Opening ceremony

The Games opened on 29 July, a brilliantly sunny day. Army bands began playing at 2 pm for the 85,000 spectators in Wembley Stadium. The international and national organisers arrived at 2.35 pm and George VI and Queen Elizabeth, with Queen Mary and other members of the Royal Family, at 2.45 pm. Fifteen minutes later the competitors entered the stadium in a procession that took 50 minutes. The last team was that of the United Kingdom. When it had passed the saluting base, Lord Burghley began his welcome: Your Majesty: The hour has struck. A visionary dream has today become a glorious reality. At the end of the worldwide struggle in 1945, many institutions and associations were found to have withered and only the strongest had survived. How, many wondered, had the great Olympic Movement prospered? After welcoming the athletes to two weeks of "keen but friendly rivalry", he said London represented a "warm flame of hope for a better understanding in the world which has burned so low."[13] At 4 pm, the time shown on Big Ben on the London Games symbol, the King declared the Games open, 2,500 pigeons were set free and the Olympic Flag raised to its 35 ft (11 m) flagpole at the end of the stadium. The Royal Horse Artillery sounded a 21-gun salute and the last runner in the Torch Relay ran a lap of the track Ц created with cinders from the domestic coal fires of Leicester Ц and climbed the steps to the Olympic cauldron. After saluting the crowd, he turned and lit the flame. After more speeches, Donald Finlay of the British team (given his RAF rank of Wing Commander) took the Olympic Oath on behalf of a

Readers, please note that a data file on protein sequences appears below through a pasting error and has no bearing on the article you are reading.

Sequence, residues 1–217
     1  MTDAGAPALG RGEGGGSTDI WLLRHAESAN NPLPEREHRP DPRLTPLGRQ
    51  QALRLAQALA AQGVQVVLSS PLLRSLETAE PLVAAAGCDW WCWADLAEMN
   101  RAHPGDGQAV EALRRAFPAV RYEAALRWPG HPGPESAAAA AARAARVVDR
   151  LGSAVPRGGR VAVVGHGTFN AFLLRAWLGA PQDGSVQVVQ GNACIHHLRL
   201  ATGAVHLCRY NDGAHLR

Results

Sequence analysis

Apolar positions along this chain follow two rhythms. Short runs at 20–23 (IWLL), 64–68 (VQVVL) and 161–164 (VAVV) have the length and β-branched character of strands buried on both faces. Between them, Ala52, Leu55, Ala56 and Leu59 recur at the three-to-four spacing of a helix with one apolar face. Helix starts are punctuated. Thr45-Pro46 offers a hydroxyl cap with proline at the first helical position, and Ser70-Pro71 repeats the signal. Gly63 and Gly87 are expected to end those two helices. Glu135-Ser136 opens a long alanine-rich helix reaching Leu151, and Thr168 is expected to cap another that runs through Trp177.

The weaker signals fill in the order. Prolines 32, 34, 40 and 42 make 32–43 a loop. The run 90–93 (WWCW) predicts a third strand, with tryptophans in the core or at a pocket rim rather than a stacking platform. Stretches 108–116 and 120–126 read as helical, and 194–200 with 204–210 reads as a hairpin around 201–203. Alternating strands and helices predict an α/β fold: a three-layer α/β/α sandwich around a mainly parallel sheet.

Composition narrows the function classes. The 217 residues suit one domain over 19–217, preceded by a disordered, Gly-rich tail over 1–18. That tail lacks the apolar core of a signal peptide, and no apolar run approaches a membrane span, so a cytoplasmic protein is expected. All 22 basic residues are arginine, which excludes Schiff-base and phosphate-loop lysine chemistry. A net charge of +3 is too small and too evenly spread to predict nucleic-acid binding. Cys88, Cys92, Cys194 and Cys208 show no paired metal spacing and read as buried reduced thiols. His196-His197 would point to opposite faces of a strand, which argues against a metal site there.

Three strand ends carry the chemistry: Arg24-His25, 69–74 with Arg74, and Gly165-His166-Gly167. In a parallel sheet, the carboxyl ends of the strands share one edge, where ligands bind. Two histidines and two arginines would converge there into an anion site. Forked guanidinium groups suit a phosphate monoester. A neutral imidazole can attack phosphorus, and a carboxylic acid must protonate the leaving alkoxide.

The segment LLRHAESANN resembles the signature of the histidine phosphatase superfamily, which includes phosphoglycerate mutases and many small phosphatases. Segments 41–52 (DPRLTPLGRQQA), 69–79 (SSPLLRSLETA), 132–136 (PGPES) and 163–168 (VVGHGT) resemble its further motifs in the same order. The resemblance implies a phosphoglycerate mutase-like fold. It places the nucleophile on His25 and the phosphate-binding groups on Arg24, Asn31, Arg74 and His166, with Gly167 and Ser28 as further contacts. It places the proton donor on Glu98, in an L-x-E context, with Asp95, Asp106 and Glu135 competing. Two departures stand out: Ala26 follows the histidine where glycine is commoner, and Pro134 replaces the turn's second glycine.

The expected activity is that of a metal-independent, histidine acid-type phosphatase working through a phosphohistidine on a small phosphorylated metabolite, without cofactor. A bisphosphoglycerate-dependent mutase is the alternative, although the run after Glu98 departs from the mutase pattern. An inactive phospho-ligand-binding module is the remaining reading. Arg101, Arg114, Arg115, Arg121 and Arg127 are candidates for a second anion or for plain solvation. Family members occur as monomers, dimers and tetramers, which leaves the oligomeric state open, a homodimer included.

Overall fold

l competitors. The National Anthem was sung and the massed athletes turned and marched out of the stadium, led by Greece, tailed by Britain. The 580-page official report concluded: Thus were launched the Olympic Games of London, under the most happy auspices. The smooth-running Ceremony, which profoundly moved not only all who saw it but also the millions who were listening-in on the radio throughout the world, and the glorious weather in which it took place, combined to give birth to a spirit which was to permeate the whole of the following two weeks of thrilling and intensive sport.[14] The opening ceremony, and over 60 hours of other coverage during the Games, was broadcast live on BBC television. The BBC had paid a sum of ?1000 for the broadcasting rights. The original Wembley Stadium, officially known as the Empire Stadium, was a football stadium in Wembley, a suburb of north-west London, standing on the site now occupied by the new Wembley Stadium that opened in 2007. Debris from the Old Wembley Stadium was used to make the award-winning Northala Fields in Northolt, Ealing. It was famous for hosting the annual FA Cup finals, five European Cup finals, the 1948 Summer Olympics, the 1966 World Cup Final, the final of Euro 96 and the 1985 Live Aid concert. Of Wembley Stadium, Pele said, "Wembley is the cathedral of football. It is the capital of football and it is the heart of football"[1] in recognition of its status as the world's best-known football stadium. The twin towers were once an icon for England and Wembley before their demolition in 2003 which upset many members of the public.

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